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Latest news 2019-11-04: The giveaway of two signed copies of “Quack, quack, quack. Give my hat back!” has closed and the winning entrants have been selected. Thank you to everyone who took part.


2.12 Declarations

The term declaration is used to refer to a command that affects the document from that point onwards. The declaration itself does not produce any text and, in most cases, its effect can be localised by placing the declaration within a group. For example, \bfseries is a declaration that switches the current font weight to bold, so the following code

Here is some normal text.
\bfseries Here is some bold text.

will appear in the typeset document looking like:

Image showing typeset output (click here for a more detailed description).

Some declarations don't immediately have a visible effect. For example, the declarations

\raggedright \raggedleft \centering

only set the paragraph justification to ragged-right, ragged-left or centred, respectively, if the declaration is still in effect at the end of the paragraph. That is, if it is still in effect at the next \par or blank line.

Example:

This is an example paragraph illustrating the paragraph justification declarations. The default justification is fully justified. \raggedright The paragraph justification can be switched to ragged-right or \raggedleft ragged-left. \par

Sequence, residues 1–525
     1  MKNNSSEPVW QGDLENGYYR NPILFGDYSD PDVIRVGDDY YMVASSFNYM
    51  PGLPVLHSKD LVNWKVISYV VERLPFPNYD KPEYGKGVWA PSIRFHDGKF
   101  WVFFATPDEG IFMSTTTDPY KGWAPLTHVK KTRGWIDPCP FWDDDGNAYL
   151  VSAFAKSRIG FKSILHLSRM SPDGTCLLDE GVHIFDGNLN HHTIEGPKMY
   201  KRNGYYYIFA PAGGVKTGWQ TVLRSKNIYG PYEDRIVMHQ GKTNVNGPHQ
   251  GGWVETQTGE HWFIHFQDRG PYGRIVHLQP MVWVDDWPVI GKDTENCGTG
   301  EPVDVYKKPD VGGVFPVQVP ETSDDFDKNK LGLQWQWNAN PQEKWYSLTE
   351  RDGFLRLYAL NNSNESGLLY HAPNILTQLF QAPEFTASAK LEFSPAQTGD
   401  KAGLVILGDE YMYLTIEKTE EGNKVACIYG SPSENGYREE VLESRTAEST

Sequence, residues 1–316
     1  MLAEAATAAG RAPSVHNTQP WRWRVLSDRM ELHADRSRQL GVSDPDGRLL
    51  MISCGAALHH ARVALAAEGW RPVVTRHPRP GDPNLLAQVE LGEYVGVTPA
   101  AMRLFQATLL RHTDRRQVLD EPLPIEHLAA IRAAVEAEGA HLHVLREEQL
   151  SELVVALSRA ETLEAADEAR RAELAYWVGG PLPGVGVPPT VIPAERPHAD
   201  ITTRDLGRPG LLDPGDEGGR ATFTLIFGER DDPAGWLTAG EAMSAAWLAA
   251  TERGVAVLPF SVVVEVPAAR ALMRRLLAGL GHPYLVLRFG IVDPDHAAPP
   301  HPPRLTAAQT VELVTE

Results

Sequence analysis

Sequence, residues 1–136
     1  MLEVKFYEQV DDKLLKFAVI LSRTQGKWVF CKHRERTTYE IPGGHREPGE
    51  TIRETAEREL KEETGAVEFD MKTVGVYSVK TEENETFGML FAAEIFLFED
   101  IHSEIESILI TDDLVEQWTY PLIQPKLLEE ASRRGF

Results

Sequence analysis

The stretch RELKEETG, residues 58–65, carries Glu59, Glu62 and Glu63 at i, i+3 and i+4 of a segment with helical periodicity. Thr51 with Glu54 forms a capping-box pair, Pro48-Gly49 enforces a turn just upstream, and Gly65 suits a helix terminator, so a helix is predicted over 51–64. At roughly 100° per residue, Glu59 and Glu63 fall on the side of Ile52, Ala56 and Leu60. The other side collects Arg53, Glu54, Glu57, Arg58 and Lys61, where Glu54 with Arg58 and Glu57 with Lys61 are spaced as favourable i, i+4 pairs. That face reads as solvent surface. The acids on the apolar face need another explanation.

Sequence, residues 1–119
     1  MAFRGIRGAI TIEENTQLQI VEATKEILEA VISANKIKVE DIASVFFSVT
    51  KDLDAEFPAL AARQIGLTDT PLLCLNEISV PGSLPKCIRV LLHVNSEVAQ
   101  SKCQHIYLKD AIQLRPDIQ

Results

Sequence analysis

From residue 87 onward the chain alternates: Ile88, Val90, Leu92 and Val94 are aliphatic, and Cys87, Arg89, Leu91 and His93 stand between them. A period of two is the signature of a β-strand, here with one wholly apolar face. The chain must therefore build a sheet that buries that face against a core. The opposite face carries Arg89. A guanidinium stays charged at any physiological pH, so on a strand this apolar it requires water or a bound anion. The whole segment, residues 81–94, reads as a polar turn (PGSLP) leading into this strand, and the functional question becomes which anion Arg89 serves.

Image showing typeset output (click here for a more detailed description).

Above, the justification at the paragraph break is ragged-left, so that's the justification used for the entire paragraph. Compare with:

{This is an example paragraph illustrating the paragraph justification declarations. The default justification is fully justified. \raggedright The paragraph justification can be switched to ragged-right or \raggedleft ragged-left.} \par

Image showing typeset output (click here for a more detailed description).

Above, the justification at the paragraph break is fully-justified, since both the declarations \raggedright and \raggedleft are cancelled when their local scope (signified by the curly braces) ends. This type of mistake most often occurs when people try to centre text doing something like:

{\centering Some text that is supposed to
be centred.
}


Next paragraph.
The paragraph break (blank line) must go before the closing brace.
{\centering Some text that is supposed to
be centred.

}

Next paragraph.

While we're on the subject of centred text, don't be tempted to use \centerline. It's obsolete [15].


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